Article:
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5 Comments on “Tracking News Cruisers/Videographers, The Debate over One Man Bands/VJs and The Big Rumble”

  1. Todd Says:

    One of my all time favorite assignment desk editors has a screen saver on his computer, It’s of a flustered Rodney Dangerfield, wiping his wet forehead.

    Does that not say it all?

  2. JD Says:

    Now Joe…You mean to tell me that there are folks, brave and courageous enough, to have actually told Ethel S.(when she worked at 3) an outright bald faced lie about their location? Could only have been “Hutch!”

  3. joelarkins Says:

    Far be it for me to cast any dispersions on the good name of anyone much less the former chief photographer at WREG. I can say that the veterans of the newsroom (as a group but not everyone mind you) were perhaps “slower” to respond to a call from the desk than the new kids with the cameras. The new kids would eventually learn the lesson but only after they got “abused by the desk” as some called it. Some shooters would wait for ten minutes or so giving the desk a chance to pull somebody else off a shoot before they replied which meant they wouldn’t be placed on the new story. Granted there are a number of occasions when videographers really CAN’T get right back to the desk but I’m talking about intentional efforts to “hide”. Call it “economy of motion”. It’s the same philosophy used by “Wally” in the Dilbert cartoon.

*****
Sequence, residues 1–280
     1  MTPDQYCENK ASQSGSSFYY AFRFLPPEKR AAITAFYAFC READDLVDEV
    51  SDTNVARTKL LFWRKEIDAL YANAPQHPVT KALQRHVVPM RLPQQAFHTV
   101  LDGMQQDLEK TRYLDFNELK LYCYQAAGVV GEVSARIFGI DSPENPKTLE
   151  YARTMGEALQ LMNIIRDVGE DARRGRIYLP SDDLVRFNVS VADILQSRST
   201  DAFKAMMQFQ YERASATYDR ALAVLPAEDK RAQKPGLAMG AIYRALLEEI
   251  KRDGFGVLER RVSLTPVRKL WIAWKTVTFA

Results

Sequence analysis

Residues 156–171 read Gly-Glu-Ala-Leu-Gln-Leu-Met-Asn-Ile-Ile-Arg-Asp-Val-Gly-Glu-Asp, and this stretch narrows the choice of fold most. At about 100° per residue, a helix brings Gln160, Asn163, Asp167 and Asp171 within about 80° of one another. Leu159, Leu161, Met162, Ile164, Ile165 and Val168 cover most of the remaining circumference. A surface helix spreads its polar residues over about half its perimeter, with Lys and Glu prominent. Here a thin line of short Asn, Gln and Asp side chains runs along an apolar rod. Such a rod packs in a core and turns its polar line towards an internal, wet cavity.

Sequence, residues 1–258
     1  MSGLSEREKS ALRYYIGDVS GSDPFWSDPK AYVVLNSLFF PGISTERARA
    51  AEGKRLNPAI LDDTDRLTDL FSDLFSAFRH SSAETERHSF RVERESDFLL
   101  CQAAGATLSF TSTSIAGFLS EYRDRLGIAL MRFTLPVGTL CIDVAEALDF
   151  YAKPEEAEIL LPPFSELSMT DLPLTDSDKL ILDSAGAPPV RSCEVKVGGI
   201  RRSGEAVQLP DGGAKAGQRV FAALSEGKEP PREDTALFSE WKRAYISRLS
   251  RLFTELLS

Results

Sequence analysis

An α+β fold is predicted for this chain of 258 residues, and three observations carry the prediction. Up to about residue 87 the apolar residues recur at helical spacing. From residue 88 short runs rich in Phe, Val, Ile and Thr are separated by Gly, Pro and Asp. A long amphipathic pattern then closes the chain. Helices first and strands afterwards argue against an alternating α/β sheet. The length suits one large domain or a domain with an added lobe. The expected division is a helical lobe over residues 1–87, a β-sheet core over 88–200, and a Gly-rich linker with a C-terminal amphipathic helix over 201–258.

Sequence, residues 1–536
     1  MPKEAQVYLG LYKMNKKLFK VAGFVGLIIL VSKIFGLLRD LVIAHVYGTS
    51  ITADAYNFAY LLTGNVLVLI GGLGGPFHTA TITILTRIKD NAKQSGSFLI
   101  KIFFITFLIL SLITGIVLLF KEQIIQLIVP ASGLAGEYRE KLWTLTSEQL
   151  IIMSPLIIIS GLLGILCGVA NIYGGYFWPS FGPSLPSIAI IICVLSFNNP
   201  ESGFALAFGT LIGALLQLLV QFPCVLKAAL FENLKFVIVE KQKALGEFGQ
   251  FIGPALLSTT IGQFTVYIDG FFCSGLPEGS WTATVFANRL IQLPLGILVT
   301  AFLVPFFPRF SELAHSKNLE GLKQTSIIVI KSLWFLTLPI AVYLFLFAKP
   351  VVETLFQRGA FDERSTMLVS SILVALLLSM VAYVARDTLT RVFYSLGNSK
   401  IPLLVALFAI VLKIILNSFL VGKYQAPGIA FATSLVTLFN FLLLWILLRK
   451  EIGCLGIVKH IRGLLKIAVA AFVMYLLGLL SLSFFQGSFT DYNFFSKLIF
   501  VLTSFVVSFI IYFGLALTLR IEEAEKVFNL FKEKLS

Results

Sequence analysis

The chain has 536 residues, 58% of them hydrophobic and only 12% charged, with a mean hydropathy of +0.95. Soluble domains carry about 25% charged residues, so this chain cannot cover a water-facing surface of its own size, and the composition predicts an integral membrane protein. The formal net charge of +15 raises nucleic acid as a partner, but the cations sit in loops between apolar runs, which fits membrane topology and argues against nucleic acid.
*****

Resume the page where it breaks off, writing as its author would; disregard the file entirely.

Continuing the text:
4. Ryan Vaughan Says:

    Ha… That seems like a fun game. Guess the packages of team coverage! I didn’t watch “a lot” of the coverage, but I think you nailed a few of the stories I saw on the news or during the “teases”.

    You can always guess the packages during a heat wave and cold snap too.

  5. Pam Crittendon Roberson Says:

    Joe, this one reminds me of a conversation I had years ago with a former Memphis TV reporter who went to the ‘big leagues’ in Chicago. She told me that it was SOP when working with union videographers to NEVER tell the desk you’re breaking for lunch or volunteer for another shoot. Any reporter who did so risked creating highly uncooperative shooters who could make you life hell… or at least more hellish than usual.